Controversy Erupts Over Plans to Build World’s Largest Chinatown in Korea
Pyeongtaek, a major port on South Korea’s western coast, is a logistics hub near Seoul, the capital, and one of the state-designated outlets for the country’s burgeoning trade relations with China.
But for the locals, things may be getting too close for comfort. On June 16, South Korea’s Yellow Sea Free Economic Zone approved an ambitious project that, if completed, would give the country the world’s biggest—and perhaps most insular—Chinatown. The 500-acre project has met with backlash from local media, residents, and even members of the preexisting Chinese-Korean community.
Unlike the Chinatowns in Seoul and Incheon, which grew in natural interaction with their greater cities, the Pyeongtaek proposal would have a relatively isolated community of luxury hotels, apartments, shopping malls featuring international brands and duty-free shops, a K-pop performance hall, renowned international schools, and medical facilities.
Korean netizens expressed disapproval and incomprehension at the plans. Some raised fears that Pyeongtaek would end up like the island of Jeju to the country’s southwest, which was rapidly overrun by the Chinese tourism industry.
Jeju, with a population of about half a million, has seen extraordinary success in attracting mainland Chinese tourists as part of an effort to help the island province’s struggling economy in recent years.
It hasn’t been without downsides. Local newspapers and commentators began to accuse Chinese investors of “invading” Korean land, developing the properties to excess, and neglecting impacts on the natural environment.
Another common local grievance targets the tourists themselves—having been introduced by Chinese, not Korean travel agencies, it is thought that the visitors are more prone to violate traffic laws, jaywalk, litter the ground with cigarette butts, and only dine and spend money at Chinese establishments.
“They only spend money among themselves,” one netizen wrote, “and will be of no help of our economy.”
Korean Land, Chinese Investment
According to Mr. Kim, an ethnic Korean of Chinese nationality, the diminishing returns of buying up real estate in China has led many wealthy Chinese to reinvest their assets abroad, including in South Korea, where there are growing opportunities for business.
The Pyeongtaek Chinatown proposal calls for plans to cooperate with 20,000 physical and online shops in prominent Seoul shopping districts to better market their products to Chinese and Chinese expatriates.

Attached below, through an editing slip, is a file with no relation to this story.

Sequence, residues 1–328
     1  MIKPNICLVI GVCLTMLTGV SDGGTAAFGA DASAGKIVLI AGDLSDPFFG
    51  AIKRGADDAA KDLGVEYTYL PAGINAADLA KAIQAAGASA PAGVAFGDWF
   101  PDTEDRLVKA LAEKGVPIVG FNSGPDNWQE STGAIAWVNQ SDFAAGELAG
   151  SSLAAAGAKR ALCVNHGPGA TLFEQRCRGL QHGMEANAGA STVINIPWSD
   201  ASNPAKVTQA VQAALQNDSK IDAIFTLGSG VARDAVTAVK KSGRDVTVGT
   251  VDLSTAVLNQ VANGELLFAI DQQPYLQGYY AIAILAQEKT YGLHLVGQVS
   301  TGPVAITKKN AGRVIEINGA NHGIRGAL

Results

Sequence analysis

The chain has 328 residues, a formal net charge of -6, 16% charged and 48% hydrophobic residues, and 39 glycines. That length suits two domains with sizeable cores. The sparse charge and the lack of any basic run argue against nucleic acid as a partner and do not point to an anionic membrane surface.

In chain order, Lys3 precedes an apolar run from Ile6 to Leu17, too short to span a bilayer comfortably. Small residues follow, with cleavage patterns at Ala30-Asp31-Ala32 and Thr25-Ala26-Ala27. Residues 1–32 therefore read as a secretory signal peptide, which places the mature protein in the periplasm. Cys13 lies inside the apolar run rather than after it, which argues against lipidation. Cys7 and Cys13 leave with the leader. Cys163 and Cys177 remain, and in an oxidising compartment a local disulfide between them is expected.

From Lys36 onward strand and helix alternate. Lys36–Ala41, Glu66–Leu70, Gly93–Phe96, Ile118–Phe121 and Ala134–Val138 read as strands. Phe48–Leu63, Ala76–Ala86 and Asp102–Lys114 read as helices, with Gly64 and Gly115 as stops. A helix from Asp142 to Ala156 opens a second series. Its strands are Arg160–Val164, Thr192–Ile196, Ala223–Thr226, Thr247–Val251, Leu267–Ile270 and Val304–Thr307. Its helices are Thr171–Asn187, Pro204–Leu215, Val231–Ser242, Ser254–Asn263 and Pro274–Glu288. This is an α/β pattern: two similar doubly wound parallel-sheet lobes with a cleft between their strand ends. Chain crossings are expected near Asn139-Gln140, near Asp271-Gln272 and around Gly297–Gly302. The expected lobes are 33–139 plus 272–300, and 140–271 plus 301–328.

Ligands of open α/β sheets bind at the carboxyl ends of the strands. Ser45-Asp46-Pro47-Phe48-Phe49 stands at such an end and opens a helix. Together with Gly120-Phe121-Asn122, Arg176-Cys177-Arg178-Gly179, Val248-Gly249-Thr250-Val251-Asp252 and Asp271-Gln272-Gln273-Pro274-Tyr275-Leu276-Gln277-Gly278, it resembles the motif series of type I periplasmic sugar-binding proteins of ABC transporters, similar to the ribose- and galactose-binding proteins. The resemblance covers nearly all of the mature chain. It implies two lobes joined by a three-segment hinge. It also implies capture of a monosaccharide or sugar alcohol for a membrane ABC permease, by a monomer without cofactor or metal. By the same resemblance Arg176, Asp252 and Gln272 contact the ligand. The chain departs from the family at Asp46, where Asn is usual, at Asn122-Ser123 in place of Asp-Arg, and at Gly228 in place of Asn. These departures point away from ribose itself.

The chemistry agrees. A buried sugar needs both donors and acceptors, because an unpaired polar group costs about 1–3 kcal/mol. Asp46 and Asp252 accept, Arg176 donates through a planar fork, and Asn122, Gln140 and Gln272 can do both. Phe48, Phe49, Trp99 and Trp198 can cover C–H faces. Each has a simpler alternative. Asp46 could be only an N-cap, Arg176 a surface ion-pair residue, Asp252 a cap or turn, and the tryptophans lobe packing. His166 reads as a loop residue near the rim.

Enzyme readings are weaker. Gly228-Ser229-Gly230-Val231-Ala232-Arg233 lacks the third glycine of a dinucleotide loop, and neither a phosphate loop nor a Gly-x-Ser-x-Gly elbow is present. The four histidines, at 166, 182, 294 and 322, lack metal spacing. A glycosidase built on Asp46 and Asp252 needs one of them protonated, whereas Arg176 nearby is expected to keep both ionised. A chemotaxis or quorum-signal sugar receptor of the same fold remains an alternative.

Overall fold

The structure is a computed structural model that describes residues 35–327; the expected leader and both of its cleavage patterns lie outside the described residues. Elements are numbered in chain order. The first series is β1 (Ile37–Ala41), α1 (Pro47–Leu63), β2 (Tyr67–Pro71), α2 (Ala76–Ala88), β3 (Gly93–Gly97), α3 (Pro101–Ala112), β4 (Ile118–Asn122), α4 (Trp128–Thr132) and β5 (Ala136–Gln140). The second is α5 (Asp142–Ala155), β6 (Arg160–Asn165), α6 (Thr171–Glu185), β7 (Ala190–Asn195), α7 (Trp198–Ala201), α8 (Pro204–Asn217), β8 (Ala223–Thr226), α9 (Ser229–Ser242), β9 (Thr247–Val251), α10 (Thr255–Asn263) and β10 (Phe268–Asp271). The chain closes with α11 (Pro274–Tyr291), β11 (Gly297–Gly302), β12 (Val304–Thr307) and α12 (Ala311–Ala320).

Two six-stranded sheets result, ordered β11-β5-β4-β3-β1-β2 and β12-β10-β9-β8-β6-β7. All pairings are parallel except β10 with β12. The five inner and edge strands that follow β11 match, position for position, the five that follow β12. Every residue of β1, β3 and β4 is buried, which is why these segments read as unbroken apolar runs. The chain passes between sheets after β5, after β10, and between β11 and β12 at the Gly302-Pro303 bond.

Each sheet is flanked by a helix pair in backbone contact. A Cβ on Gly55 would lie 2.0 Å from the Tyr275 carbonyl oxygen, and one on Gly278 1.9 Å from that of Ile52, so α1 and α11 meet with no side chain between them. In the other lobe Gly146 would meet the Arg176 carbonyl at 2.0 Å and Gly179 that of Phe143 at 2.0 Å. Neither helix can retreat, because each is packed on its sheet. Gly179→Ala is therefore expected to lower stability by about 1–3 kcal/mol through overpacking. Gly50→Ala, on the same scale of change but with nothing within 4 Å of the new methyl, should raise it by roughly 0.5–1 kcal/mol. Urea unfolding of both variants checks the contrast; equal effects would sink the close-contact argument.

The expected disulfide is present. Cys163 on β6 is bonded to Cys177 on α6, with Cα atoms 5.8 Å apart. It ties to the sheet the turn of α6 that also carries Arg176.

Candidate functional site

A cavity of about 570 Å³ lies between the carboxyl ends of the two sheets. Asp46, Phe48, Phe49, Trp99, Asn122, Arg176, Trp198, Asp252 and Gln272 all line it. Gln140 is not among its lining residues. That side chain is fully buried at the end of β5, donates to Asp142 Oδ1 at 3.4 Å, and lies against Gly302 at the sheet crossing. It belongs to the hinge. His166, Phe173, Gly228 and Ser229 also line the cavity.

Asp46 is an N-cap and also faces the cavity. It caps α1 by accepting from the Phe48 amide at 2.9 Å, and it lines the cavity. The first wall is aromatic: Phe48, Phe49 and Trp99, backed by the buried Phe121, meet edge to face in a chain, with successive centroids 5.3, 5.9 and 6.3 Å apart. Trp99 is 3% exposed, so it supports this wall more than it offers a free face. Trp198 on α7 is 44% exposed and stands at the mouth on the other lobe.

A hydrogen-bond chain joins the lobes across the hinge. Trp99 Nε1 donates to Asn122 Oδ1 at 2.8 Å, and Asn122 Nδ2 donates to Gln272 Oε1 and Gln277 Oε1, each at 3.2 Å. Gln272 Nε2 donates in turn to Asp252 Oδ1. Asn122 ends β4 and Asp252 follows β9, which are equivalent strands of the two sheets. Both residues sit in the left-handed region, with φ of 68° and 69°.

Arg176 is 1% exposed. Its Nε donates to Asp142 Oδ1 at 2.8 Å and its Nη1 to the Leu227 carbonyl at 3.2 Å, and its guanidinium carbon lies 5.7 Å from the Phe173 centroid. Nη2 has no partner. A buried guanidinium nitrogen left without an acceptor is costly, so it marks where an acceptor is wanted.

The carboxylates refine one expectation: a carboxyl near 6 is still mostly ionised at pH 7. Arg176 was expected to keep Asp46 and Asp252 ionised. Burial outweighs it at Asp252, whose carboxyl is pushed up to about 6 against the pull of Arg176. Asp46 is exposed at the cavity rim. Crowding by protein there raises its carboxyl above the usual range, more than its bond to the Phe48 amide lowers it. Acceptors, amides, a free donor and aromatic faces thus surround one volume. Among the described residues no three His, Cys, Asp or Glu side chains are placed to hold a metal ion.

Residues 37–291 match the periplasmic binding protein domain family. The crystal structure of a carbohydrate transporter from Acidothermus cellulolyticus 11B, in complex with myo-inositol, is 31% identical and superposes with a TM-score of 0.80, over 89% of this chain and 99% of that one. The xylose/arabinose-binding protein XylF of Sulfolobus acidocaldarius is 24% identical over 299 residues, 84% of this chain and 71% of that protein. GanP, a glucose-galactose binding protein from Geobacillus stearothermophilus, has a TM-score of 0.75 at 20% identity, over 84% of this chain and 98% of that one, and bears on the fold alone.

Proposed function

Kim is optimistic about the expansion of Sino-Korean trade through the new Chinatown. Citing the multiple electronics industries and concentrated U.S. military presence in the area, he believes that Pyeongtaek, which has a population of about 430,000, holds great developmental potential. The land is cheap, making it an opportune location for Chinese investment.
Criticism of the plan is unfair, Kim said, as the Korean economy is already tied to China, and that Chinese tourism has undeniably helped local businesses. Impolite or insensitive behavior, he noted, is unfortunate, but does not negate the long-term value of building the Pyeongtaek Chinatown.
But not all Chinese who work in Korea agree. Mr. Wang, a Chinese expatriate who runs a business in Incheon, feels that the Pyeongtaek proposal is likely to fail. He says he turned down an offer for him to invest in the project.
He thinks that Koreans became disillusioned with Chinese investors after experiences with Chinese tourism on Jeju island, where once-enthusiastic investment policies have been slowly reversed.
“The uncivilized behavior of us Chinese is unwelcome everywhere. Not just Koreans, even us overseas Chinese who have been abroad for a long time cannot bear it,” Wang said, saying that decades of communism destroyed the traditional cultural norms that had once made China a nation respected for its superior virtue.
“Many Koreans are against building the Chinatown in Pyeongtaek,” he continued, speculated that this resentment would make it difficult to carry out the plans. “Things here are different from how they are in China. It’s a democratic country and the government has to do things according to how the people decide.”